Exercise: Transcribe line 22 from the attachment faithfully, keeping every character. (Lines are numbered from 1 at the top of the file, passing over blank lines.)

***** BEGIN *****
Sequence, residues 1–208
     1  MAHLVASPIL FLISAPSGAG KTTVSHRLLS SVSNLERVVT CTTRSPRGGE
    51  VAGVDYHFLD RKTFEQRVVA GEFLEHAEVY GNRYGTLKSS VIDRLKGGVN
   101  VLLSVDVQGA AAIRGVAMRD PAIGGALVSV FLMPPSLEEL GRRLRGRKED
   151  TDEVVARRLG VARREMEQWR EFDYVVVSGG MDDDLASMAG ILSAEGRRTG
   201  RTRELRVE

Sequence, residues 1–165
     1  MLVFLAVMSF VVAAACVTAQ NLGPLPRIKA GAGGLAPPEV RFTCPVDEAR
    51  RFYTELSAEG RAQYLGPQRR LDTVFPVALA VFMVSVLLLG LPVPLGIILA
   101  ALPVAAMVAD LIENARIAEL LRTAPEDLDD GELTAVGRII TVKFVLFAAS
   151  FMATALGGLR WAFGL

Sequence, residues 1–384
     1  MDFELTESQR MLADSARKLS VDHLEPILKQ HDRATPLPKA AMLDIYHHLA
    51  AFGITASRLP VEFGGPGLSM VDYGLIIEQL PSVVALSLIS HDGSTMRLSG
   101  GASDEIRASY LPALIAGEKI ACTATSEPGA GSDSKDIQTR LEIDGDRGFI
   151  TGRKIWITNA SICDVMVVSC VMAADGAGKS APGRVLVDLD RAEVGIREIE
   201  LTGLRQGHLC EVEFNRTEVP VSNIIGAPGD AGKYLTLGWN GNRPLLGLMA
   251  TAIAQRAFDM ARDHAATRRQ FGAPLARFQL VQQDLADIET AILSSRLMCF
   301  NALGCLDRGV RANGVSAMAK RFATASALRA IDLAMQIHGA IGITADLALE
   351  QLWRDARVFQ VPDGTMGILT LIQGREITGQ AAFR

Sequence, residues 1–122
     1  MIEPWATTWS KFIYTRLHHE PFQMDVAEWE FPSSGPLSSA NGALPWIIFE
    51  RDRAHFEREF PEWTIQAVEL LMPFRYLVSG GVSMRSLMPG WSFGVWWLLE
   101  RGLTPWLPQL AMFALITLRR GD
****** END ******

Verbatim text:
     1  MIEPWATTWS KFIYTRLHHE PFQMDVAEWE FPSSGPLSSA NGALPWIIFE